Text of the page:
Director: Gary Hardwick. Cast: Morris Chesnutt, D.L. Hughley, Bill Bellamy, Shemar Moore, Gabrielle Union, Susan Dalian, Jenifer Lewis, Clifton Powell. Screenplay: Gary Hardwick.
The Brothers offers irrefragable proof that counter-programming against pernicious trends doesn't always work. Sure, it's disheartening that Hollywood-funded black cinema is by now all but limited to two genres: the Friday-modeled spastic comedy and the New Jack City-derived ghetto exposé. I am not critiquing these movies in particular so much as bemoaning that the creative opportunities and expressive registers for Hollywood's black artists are kept to such a narrow range. At the same time, a putative alternative like The Brothers is so disheartening that almost anything, New Jack City VI included, would be preferable. Ostensibly, writer-director Gary Hardwick's film comprises a sort of male Waiting to Exhale, and perhaps part of my resistance springs from an inclination to find these men's "problems"my loving wife won't give me oral sex! my girlfriend of forever is trying to make me marry her!half as compelling as those of their female counterparts. A separate movie in which these men's unlucky better halves told their side of these inane objections would doubtless elicit much more sympathy; in fact, when Hardwick gives the female cast members of The Brothers a one-scene shot at dishing among themselves, it is no accident that the conversation is among the film's best. (Unfortunately, still not high praise.)
All of the sexism, pandering, and charmlessness would be easier to take if it weren't delivered so crudely. I'm sure that the taste for extremes that prompted a scene where Hughley's character actively forces his wife's head toward his crotch, or another where a white female ninja kickboxes a black woman who criticizes her, or another that features a gowned-up bride holding her boyfriend hostage with a spray of bullets, was intended as a kind of reductio ad absurdumexposing the fraudulence of these men by carrying their predicaments to the point of manifest hysteria. All other objections aside, this approach is so coarse that it doesn't work as humor any better than it does as narrative: imagine a joke that might have worked at spoken volume but not when it's SHOUTED. Now imagine a whole film of them. Partitioned off from most of the zaniness are the characters played by Shemar Moore, Morris Chesnutt, and Gabrielle Union. Moore, the new face among his better-known brethren, is being sold so obviously as the Next Black Sex Symbol that his implied charisma collapses under all the strain. Chesnutt (Boyz N the Hood) and Union (Bring It On) can be appealing performers, but the film keeps intimating, outrageously, that their couplehood is any more convincing because it's based on talk (such talk!) instead of sexual hijinks.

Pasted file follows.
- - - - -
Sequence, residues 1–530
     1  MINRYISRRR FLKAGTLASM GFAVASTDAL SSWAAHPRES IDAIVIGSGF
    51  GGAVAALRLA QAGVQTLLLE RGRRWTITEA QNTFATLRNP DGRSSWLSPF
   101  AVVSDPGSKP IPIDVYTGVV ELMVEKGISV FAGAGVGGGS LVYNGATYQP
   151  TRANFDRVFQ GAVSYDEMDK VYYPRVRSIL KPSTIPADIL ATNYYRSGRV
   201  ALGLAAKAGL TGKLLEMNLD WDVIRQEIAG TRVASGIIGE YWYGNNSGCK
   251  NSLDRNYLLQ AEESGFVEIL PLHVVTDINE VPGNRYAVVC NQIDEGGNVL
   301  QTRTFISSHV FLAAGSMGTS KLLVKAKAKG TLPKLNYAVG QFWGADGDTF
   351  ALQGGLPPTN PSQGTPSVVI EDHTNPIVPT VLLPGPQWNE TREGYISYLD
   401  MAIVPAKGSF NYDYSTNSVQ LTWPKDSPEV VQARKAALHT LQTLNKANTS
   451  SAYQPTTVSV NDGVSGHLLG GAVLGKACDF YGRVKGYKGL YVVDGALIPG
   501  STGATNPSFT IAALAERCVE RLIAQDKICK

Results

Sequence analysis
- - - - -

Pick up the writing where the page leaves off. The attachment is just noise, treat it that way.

Notice a theme among these reactions? Believe me, I understand the zeal with which artists who are perpetually shoehorned into the same old roles in the same old movies would seize the chance to try something else. But seizing, as creative approaches go, is a lot less reliable than relaxing, refining, making sure you have something to say and an audience to say it to. The Brothers wants so much to be liked that it alienates just about everyone. D